The Secret Cowboys of 7th Avenue live among us. They ride the same subways, buy the same coffee, work the same jobs, and walk the same sidewalks. With their cowboy hats hidden safely away in their closets, they’re almost like you and I. Almost.
One Tuesday morning, as I peacefully ate my breakfast, my father confronted me with a strange inquiry: would I like to see bull riding in Madison Square Garden next Tuesday? I was floored. Bull-riding? Does that still exist? How had my dad even found out about it? Besides, isn’t killing bulls a little cruel? (Though apparently, bullfighting and bull riding are different sports. Who knew?) Most importantly, why? To be clear, my father is in no way a sports enthusiast. My family often laughs together at the dullness of sports (“So they try to put a ball in a basket for three hours? Doesn’t that get boring?”), and bull riding seemed like the pinnacle of dullness and repetition. The concept is overwhelmingly simple: someone gets on a bull until the bull forces him off, a process that usually lasts from seven to ten seconds. And yet, there was something intriguing about the proposition. Bull riding was so out there, so atypical that I simply had to see what it was like. If anything, I would emerge with a newfound sense of superiority over those whose cultural traditions were beneath me. Though my decision was ultimately irrelevant, as my dad had already bought the tickets, I decided to go.
Arriving at Madison Square Garden on the night of the event, I felt strangely out of place. On any other night, my go-to outfit of skinny jeans, dress shoes, and a t-shirt would have allowed me to blend right in, but not that night. I was surrounded by men in cowboy hats, rough-n-tumble jeans (I doubt that this is a real term, but it is the only way I know how to describe them), and cowboy boots with real spurs! Everyone had a beer in hand and a paper tray of ribs that was either completely or almost finished. Suddenly, I was out of my element. This was not so much a sport as a lifestyle. While I had come expecting a good laugh and the excitement that comes with any live sport, I was introduced to a new world, one that existed in the nooks and crannies of our own, appearing only to those who knew how to find it, whose cowboy hats, otherwise collecting dust in closets, were brushed off the night before, saved for this specific occasion. This was no longer the New York I knew, but a microcosm of a different society entirely.
Watching the actual bull riding was even more surreal. Every seat at the gargantuan Madison Square Garden was filled, each person eagerly awaiting the spectacle to begin. As the announcer read out the names of the bulls and their riders, the audience held up signs with the names of their favorite bulls (Go get’r Buttercup! Knock’er socks off Clover!) and cheered as only football fans are supposed to cheer. As each bull in succession came out into the dirt arena, it was nearly impossible not to be swept up in the excitement. Though I had entered this arena with no knowledge of Buttercup’s knockout record or Steve “The Wrangler” Jones’ personal records, I began to feel that I had known these things my entire life, that they were entrenched in my very being. For those four to seven seconds of excitement after the rider mounted the bull, I cheered along with the crowd—if not for the bull or rider, then for the spectacle itself. Perhaps it was the audacity of this little world of cowboy hats and bulls and beer that so amazed me. Indeed, it was one that not only managed to sustain itself in the most unexpected of places, but that did so while maintaining its complete integrity. Here we were, in the middle of New York City, and these cowboys had managed to make me feel out of place.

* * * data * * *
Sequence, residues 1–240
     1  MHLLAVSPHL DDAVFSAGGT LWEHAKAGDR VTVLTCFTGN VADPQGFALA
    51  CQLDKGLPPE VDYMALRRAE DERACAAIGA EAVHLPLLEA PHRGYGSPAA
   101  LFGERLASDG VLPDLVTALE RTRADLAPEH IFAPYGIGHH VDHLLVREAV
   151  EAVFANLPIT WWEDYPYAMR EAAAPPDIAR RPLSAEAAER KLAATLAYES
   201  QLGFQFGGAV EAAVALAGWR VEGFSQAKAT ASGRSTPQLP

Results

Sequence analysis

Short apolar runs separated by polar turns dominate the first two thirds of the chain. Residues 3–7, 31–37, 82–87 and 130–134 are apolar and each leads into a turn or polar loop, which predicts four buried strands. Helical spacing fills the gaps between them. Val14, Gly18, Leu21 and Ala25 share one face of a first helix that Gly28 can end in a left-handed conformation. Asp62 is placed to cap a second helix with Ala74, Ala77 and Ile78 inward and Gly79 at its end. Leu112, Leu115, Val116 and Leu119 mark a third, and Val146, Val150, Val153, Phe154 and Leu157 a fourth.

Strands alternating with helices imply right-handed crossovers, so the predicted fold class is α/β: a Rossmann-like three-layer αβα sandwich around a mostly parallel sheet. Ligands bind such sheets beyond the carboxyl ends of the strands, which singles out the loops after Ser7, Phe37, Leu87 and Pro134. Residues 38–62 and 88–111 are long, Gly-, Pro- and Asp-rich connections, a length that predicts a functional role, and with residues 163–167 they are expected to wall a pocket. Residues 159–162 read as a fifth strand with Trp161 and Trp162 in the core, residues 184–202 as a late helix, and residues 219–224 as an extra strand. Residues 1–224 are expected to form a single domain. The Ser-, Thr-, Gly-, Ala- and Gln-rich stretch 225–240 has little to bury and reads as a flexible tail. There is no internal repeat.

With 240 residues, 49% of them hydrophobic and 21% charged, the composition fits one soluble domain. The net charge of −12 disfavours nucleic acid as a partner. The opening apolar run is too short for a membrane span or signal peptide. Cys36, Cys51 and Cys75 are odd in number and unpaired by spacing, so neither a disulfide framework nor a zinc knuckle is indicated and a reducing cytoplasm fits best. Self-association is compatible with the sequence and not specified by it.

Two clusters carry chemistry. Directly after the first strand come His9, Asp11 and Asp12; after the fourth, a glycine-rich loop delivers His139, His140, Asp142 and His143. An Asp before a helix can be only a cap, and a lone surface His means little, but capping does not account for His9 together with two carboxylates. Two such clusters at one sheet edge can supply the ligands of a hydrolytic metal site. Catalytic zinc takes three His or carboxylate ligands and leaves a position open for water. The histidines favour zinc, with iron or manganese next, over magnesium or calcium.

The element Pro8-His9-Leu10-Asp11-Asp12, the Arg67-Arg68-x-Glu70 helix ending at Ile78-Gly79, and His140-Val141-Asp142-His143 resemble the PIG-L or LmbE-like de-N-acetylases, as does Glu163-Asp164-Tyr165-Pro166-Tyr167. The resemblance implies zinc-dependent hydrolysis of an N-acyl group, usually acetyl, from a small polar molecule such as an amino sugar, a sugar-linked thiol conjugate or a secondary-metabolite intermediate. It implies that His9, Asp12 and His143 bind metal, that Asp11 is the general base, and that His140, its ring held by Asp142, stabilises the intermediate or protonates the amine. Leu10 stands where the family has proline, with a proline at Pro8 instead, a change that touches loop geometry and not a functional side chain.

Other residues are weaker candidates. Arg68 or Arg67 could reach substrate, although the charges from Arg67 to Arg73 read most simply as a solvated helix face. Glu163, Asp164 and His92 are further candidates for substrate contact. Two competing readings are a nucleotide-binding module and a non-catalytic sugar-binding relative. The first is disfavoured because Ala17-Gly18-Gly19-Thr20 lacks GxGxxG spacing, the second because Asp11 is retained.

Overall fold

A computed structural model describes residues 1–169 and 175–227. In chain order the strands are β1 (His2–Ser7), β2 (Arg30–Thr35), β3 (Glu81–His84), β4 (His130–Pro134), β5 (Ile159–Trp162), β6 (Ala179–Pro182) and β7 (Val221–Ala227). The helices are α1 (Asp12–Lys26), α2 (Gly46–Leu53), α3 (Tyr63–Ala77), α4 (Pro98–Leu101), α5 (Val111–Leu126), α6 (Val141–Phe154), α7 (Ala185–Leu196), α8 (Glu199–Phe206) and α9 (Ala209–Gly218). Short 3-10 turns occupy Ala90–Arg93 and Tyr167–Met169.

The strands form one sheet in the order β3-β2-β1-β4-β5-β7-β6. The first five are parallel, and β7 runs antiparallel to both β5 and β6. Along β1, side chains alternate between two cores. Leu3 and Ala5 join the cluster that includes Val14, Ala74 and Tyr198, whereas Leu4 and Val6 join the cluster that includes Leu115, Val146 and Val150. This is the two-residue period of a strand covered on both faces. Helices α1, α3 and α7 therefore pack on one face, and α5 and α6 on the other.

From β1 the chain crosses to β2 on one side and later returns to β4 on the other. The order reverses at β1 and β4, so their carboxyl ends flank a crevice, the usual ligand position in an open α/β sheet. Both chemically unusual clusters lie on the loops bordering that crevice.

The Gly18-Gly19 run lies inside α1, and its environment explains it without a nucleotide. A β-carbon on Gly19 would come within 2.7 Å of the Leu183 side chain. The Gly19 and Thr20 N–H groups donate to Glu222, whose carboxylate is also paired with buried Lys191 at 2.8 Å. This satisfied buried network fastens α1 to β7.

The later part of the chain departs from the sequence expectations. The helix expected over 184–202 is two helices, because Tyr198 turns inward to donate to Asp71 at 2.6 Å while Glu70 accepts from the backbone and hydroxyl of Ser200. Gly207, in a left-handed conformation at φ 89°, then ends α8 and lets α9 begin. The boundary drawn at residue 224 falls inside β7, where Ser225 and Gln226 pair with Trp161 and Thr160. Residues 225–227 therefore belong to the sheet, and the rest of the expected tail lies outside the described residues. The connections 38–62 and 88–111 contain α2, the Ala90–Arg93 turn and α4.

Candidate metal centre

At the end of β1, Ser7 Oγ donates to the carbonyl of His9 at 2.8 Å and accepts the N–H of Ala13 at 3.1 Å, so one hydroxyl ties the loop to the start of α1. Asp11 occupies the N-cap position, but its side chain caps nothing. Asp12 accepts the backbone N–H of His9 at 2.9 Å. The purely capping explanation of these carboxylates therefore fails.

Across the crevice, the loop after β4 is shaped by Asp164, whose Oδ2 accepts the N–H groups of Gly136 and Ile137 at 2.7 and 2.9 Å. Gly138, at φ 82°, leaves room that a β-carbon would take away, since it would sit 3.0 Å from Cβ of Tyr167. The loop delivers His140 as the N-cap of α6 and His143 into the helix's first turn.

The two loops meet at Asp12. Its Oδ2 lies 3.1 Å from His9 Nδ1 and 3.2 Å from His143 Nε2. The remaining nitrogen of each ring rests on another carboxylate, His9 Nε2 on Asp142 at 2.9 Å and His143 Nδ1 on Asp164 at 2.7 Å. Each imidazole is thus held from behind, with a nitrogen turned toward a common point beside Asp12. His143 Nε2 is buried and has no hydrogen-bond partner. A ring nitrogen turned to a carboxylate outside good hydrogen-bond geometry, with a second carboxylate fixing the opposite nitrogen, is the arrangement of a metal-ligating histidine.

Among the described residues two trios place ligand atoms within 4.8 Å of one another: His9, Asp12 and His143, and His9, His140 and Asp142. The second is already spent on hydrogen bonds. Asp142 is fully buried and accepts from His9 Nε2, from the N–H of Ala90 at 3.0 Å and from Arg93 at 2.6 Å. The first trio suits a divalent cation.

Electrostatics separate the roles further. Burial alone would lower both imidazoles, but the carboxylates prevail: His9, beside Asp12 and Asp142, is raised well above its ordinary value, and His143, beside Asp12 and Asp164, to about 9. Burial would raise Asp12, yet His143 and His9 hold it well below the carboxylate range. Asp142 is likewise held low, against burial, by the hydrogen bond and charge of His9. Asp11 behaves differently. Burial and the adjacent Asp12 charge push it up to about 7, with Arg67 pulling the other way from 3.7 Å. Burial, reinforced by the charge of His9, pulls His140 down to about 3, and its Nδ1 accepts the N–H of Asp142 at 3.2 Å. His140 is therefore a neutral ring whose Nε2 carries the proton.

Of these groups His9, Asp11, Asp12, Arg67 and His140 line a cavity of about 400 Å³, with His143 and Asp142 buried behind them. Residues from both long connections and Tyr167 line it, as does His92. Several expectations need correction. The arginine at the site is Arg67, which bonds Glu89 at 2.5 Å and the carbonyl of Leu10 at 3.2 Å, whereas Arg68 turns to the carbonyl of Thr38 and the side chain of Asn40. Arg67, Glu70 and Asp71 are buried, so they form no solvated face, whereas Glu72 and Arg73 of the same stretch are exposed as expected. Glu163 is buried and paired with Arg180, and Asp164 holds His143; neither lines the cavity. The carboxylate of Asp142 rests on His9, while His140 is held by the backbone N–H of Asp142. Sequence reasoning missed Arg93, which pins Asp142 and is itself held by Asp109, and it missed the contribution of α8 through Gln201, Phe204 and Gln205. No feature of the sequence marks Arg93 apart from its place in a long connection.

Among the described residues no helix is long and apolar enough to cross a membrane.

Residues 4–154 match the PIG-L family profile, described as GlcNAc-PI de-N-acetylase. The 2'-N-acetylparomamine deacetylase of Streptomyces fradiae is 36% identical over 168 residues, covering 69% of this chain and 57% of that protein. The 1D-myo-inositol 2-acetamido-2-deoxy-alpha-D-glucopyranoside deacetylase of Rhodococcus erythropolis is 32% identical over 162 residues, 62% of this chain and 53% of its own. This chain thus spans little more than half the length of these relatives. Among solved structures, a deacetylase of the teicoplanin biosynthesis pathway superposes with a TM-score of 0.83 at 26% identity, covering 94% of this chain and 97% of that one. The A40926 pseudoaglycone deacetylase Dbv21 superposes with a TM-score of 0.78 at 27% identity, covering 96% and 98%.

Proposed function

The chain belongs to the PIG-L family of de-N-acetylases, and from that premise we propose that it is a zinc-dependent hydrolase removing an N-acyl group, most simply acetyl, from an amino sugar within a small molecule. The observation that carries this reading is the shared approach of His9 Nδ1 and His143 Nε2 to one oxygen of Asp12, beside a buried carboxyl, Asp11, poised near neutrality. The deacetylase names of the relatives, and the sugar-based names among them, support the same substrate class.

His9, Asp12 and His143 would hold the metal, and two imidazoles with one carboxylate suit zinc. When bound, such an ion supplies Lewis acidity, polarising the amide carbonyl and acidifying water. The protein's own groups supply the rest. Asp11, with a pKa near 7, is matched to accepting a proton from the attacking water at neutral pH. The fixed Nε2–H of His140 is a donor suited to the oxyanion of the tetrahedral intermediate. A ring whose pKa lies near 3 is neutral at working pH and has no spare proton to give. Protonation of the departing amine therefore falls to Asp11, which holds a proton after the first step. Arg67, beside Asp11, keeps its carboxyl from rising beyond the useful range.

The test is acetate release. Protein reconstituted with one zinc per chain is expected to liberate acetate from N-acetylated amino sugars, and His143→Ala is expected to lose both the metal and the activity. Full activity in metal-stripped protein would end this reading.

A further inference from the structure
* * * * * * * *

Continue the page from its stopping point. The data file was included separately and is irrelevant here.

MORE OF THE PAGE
And yet, as the show wound down, the cowboys exited their world and silently assimilated into ours, gradually fading into the hustle and bustle of 7th Avenue. As I watched them walk away, I realized that I had most likely known these people my entire life. They would most likely go home, tuck away their cowboy boots in their closets, and ride the 6 train as if nothing had happened. And just like that, I could never look at the people around me in the same way again. How did I know that the man with the briefcase on the M86 didn’t have a pair of cowboy boots in his closet? How could I be sure that the woman in the high heels walking down 5th Avenue wasn’t part of a roller derby? That she didn’t prefer to be called by her derby name, “Pippi Strongstocking”? For the first time, my eyes were opened to the different worlds that lay hidden beneath the surface. Bull riding was just the beginning! I would see tattoo festivals, mermaid parades, Mexican wrestling, and anything else that resided in a world unto itself. Perhaps then I might be able to see the worlds hidden all around us.
Age 16, Grade 11
Hunter College High School